First Convention Dedicated to the BoP as a Marketplace

Last week the first convention focussing on the Base of the Pyramid as a market was held in Singapore. The event brought multinationals, SME entrepeneurs, NGO's and policy makers together to share experience and learn from eachother to serve the BoP as a market and improve quality of their lifes in a sustainable way. Please find below some take aways from the opening ceremony:

Prof. Jack Sim, Founder of Bop Hub and initiator of the BoP World Convetion:

  • No single of us is as good as all of us. We need to work on serving the BoP together
  • What are l essons learned from Singapore to become a first world country in 25 years? Can this be recplicable in other larger countries?
  • People must not be locked out of the marketplace. Skills must be relevant for jobs and business. Academic education is overvalued.

Sr. Fazle Hasan Abed, Founder and Chair of BRAC:

  • 1st we try to become effective, then efficient, then we expand services

Sandeep Kohli, Vice President Marketing Operations South East Asia, Unilever:

  • The middle class grew past years and is more visible to the BoP. The BoP today will be middle class tomorrow. They are already in mind set to be middle class today, turning them into customers with very high aspiration: "Stop thinking small sachets, think of new aspirational products meeting the needs of the Base of the Pyramid"
  • Unlock the power of partnerships. It is impossible for just a government, an NGO or company in a way that is scalable, profitable and makes a real difference. But is you do this together it will work. But it is hard work to put a partnership together

Paul Polak, CEO Windhorse &  co author of "The Business Solution To Poverty, Designing Products and Services for Three Billion New Customers"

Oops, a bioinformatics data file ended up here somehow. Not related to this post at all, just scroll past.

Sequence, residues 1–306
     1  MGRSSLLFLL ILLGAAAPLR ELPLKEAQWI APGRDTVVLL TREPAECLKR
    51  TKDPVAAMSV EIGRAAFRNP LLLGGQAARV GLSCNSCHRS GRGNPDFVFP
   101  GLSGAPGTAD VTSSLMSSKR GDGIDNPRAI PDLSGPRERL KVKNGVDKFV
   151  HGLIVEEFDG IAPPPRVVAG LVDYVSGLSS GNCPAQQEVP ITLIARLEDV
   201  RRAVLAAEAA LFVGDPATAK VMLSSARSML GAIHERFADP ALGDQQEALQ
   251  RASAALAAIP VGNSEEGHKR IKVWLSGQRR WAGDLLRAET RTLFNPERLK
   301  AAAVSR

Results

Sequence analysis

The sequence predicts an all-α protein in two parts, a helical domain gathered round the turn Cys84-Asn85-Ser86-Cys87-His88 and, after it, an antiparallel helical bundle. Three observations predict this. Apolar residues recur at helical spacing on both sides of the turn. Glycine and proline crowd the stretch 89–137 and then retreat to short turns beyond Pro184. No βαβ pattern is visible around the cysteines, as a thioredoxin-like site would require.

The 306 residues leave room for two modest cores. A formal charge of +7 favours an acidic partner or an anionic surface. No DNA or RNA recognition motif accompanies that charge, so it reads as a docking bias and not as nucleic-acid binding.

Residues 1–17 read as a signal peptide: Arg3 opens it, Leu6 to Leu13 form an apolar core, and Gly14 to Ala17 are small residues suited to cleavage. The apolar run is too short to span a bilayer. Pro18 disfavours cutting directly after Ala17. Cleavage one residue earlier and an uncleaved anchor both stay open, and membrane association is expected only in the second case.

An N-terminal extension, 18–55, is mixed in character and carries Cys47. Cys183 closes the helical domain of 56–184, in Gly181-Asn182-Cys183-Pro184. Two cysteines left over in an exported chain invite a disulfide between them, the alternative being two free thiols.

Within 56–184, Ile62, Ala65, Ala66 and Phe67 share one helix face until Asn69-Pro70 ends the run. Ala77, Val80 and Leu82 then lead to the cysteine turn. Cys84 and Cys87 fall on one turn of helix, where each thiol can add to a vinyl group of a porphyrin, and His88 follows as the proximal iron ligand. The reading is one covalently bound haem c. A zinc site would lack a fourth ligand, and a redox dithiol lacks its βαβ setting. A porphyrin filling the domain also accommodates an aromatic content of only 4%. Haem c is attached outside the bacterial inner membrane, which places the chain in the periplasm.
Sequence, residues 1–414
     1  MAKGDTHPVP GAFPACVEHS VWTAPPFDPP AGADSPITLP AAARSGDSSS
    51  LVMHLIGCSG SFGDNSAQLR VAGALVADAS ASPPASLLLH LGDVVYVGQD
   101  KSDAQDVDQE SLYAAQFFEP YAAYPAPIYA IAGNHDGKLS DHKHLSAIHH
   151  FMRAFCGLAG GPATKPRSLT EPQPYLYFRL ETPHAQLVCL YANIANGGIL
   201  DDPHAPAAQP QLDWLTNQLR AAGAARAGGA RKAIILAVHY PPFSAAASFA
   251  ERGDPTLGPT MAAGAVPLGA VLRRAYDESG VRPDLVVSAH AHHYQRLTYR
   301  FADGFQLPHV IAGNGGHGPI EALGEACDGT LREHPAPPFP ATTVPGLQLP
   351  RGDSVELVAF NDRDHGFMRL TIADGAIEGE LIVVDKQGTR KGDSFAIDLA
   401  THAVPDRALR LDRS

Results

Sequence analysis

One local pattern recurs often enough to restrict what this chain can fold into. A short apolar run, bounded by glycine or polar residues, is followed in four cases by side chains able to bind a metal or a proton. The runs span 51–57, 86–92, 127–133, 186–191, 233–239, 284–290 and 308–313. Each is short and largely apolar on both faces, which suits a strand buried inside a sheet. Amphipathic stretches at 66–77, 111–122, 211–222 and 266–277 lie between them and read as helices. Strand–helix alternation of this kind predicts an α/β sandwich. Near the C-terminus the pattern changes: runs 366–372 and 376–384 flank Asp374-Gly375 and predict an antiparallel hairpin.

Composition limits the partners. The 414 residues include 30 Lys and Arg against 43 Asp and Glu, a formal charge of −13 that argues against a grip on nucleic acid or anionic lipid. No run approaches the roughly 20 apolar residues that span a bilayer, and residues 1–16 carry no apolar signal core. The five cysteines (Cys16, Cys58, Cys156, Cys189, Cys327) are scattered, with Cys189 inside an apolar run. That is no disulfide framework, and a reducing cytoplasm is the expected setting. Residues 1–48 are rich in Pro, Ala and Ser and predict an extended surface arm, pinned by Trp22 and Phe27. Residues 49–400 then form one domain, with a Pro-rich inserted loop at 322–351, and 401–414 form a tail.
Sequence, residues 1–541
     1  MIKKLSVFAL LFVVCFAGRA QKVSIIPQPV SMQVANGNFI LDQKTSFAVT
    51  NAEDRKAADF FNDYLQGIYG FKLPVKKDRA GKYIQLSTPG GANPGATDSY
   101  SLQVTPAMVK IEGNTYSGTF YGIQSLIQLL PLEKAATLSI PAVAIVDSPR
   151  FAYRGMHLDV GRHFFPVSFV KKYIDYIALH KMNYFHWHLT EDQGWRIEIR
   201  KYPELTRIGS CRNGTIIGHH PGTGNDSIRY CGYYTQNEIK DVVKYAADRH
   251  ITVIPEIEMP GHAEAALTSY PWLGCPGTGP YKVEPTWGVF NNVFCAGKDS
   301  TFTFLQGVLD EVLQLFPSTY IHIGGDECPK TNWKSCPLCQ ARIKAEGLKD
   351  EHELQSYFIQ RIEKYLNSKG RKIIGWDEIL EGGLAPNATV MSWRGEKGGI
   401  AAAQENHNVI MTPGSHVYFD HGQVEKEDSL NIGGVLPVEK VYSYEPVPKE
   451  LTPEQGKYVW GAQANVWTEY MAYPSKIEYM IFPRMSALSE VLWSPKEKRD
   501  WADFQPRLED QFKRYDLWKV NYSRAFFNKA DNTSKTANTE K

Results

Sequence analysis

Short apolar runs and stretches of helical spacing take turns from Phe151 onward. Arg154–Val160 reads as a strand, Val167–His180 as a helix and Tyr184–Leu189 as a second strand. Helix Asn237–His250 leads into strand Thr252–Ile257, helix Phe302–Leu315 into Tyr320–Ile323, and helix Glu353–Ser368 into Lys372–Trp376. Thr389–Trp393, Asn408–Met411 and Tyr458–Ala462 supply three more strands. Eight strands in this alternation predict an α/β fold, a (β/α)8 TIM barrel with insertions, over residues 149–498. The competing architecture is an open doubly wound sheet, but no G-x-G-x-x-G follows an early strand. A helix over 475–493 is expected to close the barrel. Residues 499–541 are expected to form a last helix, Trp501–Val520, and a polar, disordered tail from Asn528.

• Achieving scale is the biggest challenge in development today. Conventional development aid has failed. CSR is cosmetic.
  • Impact investing is confused about the relationship between relationshion between impact and bottom line profits.
  • Scaled inclusive business solutions to poverty will only come through multinationals

Jocelyn Wyatt, Co-Lead + Executive Director of

  • Start with collaboration, start even before you have an idea and get them on the table. Make process of collaboration fine. Design the process. Engage them in design process. Give credits to all are involved in the process. In general the lead NGO gets in general most credits, share credits with all partners.
  • Critical to design technology with the users (BoP), technology developed in western world might not match needs and wants of BoP

Olivier Kayser, Founder Hystra

  • Investing in relationship is key. Easy misunderstanding. Most often NGOs expect a relation to last forever, while a company expect it to last several years.
  • Be sure the business is mature enough to scale, something big to be fixed is a challenge"
  • There is a true obsession for simplicity to get it ready to scale. Complexity in the supply chain might be the bottleneck. For example simple reading glasses, adding extra colors could not be done in bookkeeping of the small  shops that are selling the glasses to the BoP customers.
  • BoP marketing, you need to be patient: “If you 1st customers are extremely happy and spread the word and you are able to get  ball running that is where you want to be. You need to be patient to get the word of mouth working”
  • Most frustration in collaboration is the duration of the partnership. Companies think it is temporarily 5-7 years. NGOs think it is for life. Align in early stages.

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